On 11/12/2013 8:08 PM, LizR wrote:
On 13 November 2013 17:03, meekerdb <meeke...@verizon.net <mailto:meeke...@verizon.net>> wrote:

    On 11/12/2013 7:28 PM, LizR wrote:
    On 13 November 2013 16:19, Richard Ruquist <yann...@gmail.com
    <mailto:yann...@gmail.com>> wrote:

        Simple. Shooting yourself with a gun or whatever means you use to end 
your life
        in one universe does not guarranttee that you do not grow in all other
        universes. Unless the laws of physics differ across the multiverse, 
which I
        understand to be incorrect, your copies will grow old and die in every 

    I think it would help if you put your comment beneath whatever you were 
replying to. :)

    However, assuming I understand what you're saying I will attempt a reply...

    The laws of physics don't /mandate/ growing old and dying, they just make it
    overwhelmingly likely. But in a multiverse everything happens, even 
    unlikely things...

    That's another dubious popularization.  Certainly weird things can happen 
in a QM
    world. But *everything*? There are still conservation laws, superselection 
    limited speed of signaling.  Repeating  measurement doesn't produce "every"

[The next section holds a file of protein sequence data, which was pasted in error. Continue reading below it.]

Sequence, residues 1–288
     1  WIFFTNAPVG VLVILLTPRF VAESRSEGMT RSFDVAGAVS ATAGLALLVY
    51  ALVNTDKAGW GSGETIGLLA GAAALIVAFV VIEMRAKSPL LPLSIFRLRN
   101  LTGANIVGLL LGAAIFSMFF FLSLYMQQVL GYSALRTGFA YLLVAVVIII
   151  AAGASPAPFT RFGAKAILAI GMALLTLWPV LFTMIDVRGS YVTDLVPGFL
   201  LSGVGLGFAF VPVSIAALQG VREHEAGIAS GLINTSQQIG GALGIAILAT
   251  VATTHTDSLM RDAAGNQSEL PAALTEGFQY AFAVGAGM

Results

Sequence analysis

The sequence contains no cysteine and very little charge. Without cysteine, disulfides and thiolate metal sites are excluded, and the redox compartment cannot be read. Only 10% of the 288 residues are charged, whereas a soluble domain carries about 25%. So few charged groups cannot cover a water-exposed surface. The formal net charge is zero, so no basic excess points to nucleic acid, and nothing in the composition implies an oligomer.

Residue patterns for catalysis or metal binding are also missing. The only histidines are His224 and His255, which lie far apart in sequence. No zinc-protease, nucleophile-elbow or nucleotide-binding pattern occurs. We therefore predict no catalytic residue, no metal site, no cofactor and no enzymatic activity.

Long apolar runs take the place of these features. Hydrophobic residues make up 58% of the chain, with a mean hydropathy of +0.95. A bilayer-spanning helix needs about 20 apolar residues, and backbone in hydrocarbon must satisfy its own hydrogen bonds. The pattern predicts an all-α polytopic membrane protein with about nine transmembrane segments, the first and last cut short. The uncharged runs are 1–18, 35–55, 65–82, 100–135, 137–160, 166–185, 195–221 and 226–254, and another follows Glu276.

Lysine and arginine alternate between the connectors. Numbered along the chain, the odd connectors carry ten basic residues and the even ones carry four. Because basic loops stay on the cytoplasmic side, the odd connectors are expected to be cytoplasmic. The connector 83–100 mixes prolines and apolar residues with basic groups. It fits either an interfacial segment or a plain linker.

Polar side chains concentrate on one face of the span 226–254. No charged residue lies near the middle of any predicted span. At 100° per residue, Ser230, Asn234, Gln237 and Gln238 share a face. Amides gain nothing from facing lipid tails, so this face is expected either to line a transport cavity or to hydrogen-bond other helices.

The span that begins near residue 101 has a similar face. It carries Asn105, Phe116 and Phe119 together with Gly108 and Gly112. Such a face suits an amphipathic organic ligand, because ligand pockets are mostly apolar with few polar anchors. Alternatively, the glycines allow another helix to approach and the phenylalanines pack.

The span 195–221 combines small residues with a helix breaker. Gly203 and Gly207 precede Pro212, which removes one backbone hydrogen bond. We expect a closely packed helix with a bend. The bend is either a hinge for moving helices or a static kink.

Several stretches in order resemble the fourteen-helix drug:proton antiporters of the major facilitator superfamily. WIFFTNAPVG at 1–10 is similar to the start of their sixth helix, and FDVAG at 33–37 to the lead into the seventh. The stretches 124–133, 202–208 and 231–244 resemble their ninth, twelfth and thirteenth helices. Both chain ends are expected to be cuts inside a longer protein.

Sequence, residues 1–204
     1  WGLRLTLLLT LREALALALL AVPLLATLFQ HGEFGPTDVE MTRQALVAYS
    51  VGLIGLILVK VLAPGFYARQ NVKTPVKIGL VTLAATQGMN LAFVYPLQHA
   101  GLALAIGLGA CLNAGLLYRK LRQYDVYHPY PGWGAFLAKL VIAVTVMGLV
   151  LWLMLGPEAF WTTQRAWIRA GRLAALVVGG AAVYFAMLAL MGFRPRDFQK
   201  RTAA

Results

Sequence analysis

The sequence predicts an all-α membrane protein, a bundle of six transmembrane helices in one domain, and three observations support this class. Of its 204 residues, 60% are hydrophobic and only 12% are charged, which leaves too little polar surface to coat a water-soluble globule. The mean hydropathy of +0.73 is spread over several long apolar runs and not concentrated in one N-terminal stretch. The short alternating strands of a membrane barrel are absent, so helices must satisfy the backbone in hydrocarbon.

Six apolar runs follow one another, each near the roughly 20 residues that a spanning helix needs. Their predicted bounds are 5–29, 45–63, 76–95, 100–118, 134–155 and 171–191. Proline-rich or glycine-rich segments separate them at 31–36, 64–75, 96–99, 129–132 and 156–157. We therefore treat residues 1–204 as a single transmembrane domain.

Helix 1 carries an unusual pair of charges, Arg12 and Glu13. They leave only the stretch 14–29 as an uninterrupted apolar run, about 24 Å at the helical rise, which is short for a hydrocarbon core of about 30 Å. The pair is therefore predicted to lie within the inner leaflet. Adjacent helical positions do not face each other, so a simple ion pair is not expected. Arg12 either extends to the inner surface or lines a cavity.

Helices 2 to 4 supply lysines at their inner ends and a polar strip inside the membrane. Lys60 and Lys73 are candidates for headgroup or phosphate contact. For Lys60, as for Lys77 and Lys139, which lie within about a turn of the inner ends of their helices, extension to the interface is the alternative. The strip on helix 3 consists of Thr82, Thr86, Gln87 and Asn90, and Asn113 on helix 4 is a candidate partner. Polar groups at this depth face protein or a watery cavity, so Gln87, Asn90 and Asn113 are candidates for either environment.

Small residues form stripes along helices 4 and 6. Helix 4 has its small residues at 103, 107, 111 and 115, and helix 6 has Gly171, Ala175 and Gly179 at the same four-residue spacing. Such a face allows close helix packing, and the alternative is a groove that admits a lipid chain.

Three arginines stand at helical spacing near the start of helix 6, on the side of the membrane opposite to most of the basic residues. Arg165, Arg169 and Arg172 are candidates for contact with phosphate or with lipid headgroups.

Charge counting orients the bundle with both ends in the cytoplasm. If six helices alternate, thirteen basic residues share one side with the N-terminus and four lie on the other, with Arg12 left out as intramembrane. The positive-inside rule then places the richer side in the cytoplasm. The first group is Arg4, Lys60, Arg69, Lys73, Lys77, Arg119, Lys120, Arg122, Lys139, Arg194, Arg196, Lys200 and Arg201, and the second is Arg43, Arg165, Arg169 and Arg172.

it produces the same eigenvalue as before.  Many QM processes are 
deterministic in
    one world, c.f. arXiv:quant-ph/070212v1.

I apologise for my over hasty phraseology. I meant to say everything that is physically possible happens - i.e. all physically possible outcomes of each (apparently probabalistic) quantum event. I didn't mean to imply that /physically impossible/ things happen (and it would have been nice if you'd done me the courtesy of thinking that perhaps that was what I meant, rather than assuming that "oh, she must be spouting dubious popularisations!" as you appear to have done.)

Sorry. Didn't mean to offend. But it's a point that bothers me about a lot of these "everything" theories. Yes, they only mean everything that is possible - but that could be a big hole in theory when you start to talk about really strange things. For example, holographic theory (combined with QM) limits the amount of information within a Hubble radius. It's not immediately obvious whether that prohibits some evolution of the quantum state or not, but it's plausible that it does.


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